Influence of chalcogen concentration in electrodeposition solution:
The relationship between deposition potential and deposited-film composition was examined using three electrodeposition solutions in which the ratio of the amount of thiourea-derived sulfur to the amount of selenium was 1:1 and the ratio of the amount of copper to the amount of indium was 1:5, and which were different in the concentration of the sum of thiourea-derived sulfur and selenium (chalcogen concentration).
In the solutions used, the ratios of the concentration of the sum of thiourea-derived sulfur and selenium (chalcogen concentration) to the concentration of the sum of copper and indium were 0.17, 0.33, and 0.67, respectively. The results obtained are shown in FIGS. 1, 2, and 3.
In FIGS. 1 to 3, the unit at % for the ordinate indicates the percentage of atoms of each element.
FIGS. 1 to 3 show the following.
Copper is the most easily electrodeposited among those four elements. Electrodeposition of copper is less influenced by the chalcogen concentrations in the electrodeposition solutions or by deposition potentials. Copper is incorporated into films in an amount of from 30 to 50 at %.
Electrodeposition of indium is considerably influenced by deposition potential, and the amount of indium electrodeposited at potentials lower than a specific value differs markedly from that of indium electrodeposited at potentials higher than that specific value. This specific potential value shifts from around -1.7 V to around -2.5 V as the chalcogen concentration increases. Increased indium concentrations in a film result in reduced concentrations of copper and selenium.
Like copper, selenium is relatively easily electrodeposited. Although selenium is incorporated into films in a constant proportion without being influenced by deposition potential, increased chalcogen concentrations in an electrodeposition solution result in increased amounts of electrodeposited selenium.
Sulfur is least apt to be electrodeposited among the four elements. The maximum sulfur content in the films was as low as about 10 at %. Although sulfur deposition amount is less influenced by deposition potential or the chalcogen concentrations in electrodeposition solutions, lower chalcogen concentrations tend to result in larger amounts of sulfur incorporated into the films.
As described above, the contents of three elements, copper, indium, and selenium, in a film can be controlled by regulating deposition potential and the concentrations thereof in an electrodeposition solution.
Influence of filtration of electrodeposition solution:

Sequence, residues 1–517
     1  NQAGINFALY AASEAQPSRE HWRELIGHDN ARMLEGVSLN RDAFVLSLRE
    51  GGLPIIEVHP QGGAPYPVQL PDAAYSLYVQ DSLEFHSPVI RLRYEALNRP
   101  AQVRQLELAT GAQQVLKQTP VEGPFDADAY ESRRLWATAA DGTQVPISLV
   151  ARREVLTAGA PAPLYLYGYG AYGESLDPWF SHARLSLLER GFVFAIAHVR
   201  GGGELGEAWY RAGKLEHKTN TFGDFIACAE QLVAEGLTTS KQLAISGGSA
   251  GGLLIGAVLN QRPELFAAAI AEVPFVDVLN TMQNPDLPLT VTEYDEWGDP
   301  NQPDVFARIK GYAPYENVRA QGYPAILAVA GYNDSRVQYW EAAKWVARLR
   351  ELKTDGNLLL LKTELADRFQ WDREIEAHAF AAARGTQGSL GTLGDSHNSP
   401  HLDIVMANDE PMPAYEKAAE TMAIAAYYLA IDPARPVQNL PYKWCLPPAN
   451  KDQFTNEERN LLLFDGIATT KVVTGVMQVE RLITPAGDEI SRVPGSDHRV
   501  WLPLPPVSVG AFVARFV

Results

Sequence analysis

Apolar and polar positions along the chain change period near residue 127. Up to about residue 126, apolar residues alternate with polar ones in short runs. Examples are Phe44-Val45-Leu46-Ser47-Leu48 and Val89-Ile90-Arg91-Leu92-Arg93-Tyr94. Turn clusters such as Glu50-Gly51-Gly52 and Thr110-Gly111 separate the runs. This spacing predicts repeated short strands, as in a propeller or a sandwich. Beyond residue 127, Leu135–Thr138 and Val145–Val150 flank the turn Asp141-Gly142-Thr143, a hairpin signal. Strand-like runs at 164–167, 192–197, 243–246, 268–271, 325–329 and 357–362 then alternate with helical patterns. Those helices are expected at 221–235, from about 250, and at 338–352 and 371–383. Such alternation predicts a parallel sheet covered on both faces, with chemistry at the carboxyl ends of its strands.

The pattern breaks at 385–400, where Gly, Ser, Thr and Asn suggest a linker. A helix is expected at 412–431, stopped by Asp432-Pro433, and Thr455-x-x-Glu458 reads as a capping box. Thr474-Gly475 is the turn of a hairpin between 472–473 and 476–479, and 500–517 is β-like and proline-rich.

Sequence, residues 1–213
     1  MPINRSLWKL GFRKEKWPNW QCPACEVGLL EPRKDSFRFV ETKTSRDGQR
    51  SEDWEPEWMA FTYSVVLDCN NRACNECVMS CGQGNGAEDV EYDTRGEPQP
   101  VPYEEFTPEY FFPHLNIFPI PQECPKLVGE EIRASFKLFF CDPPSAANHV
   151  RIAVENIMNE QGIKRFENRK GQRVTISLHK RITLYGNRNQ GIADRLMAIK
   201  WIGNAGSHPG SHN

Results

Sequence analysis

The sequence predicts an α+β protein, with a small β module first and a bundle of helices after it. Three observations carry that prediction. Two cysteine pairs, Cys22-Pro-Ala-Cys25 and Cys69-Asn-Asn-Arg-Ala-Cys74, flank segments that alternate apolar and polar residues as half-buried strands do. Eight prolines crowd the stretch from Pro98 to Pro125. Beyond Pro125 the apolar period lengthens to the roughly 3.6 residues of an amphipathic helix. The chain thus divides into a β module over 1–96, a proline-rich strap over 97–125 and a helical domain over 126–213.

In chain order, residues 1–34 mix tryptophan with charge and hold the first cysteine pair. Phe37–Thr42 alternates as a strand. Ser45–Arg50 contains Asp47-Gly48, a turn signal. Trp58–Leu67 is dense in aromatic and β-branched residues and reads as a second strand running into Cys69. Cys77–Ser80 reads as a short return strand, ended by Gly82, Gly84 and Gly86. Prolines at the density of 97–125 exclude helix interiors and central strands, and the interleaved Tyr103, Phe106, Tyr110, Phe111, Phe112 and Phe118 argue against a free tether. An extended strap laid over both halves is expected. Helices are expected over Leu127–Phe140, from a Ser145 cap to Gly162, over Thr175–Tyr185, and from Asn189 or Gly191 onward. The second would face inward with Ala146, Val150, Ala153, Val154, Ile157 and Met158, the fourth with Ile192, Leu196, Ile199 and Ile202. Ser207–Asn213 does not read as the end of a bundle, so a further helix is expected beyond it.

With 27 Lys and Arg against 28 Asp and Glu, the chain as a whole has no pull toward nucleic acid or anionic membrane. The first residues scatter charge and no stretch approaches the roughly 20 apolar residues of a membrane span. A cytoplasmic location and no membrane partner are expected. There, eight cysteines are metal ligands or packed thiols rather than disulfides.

FIG. 4 shows the influence of the proportion of sulfur in chalcogens contained in an electrodeposition solution on the content of each element in a film electrodeposited at a deposition potential of 1.5 V. Also from FIG. 4, it can be seen that sulfur is less apt to be electrodeposited even when the concentration of sulfur in the electrodeposition solution is increased. The reason for this may be that the precipitation due to the addition of thiourea to the electrodeposition solution proceeds even during electrodeposition, or that the adhesion of either the precipitate caused by the addition of thiourea or a precursor for that precipitate to the molybdenum substrate surface influences sulfur electrodeposition.
An electrodeposition solution prepared in the same manner as for an electrodeposition solution used in Example 1 was filtered at 10 hours after preparation thereof and used for examining the influence of the filtration.
That is, a solution containing copper, indium, selenium, and sulfur (derived from thiourea) in a proportion of 1:5:2:20 was prepared, and filtered after 10-hour standing. Using the thus-obtained electrodeposition solution, electrodeposition was conducted at electrodeposition potentials varying from -1 to -2 V (vsSCE). Each electrodeposited film was analyzed for the content of each element. The results obtained are shown in FIG. 5.
It can be seen from FIG. 5 that in the case of using the filtered electrodeposition solution, copper is deposited in various amounts depending on electrodeposition potential; the lower the minus potential, the larger the electrodeposited sulfur amount.
On the other hand, copper and indium in the above electrodeposition show the same tendency as in Example 1. That is, indium is electrodeposited only at high minus potentials. Selenium was influenced by deposition potential like sulfur, and the electrodeposited selenium amounts were almost the same as the electrodeposited sulfur amounts.
The electrodeposited films thus obtained (hereinafter referred to as "as-depo films") were subjected to X-ray analysis. As a result, no distinct peak was observed.
In FIG. 6 are shown differences in the contents of the individual elements between electrodeposited films respectively obtained from the unfiltered solution and the filtered solution.
It can be seen from FIG. 6 that use of the filtered solution is effective in forming a deposited film having an increased sulfur content.
The electrodeposited films obtained above were heat-treated to evaluate crystallinity. In FIG. 7 is shown an X-ray diffraction spectrum of a film heat-treated at 350° C. The spectrum contains diffraction peaks characteristic of a chalcopyrite, including a sharp peak assignable to (112) face and peaks assignable to (101), (103), and (211) faces. The results clearly show that crystallinity has been improved.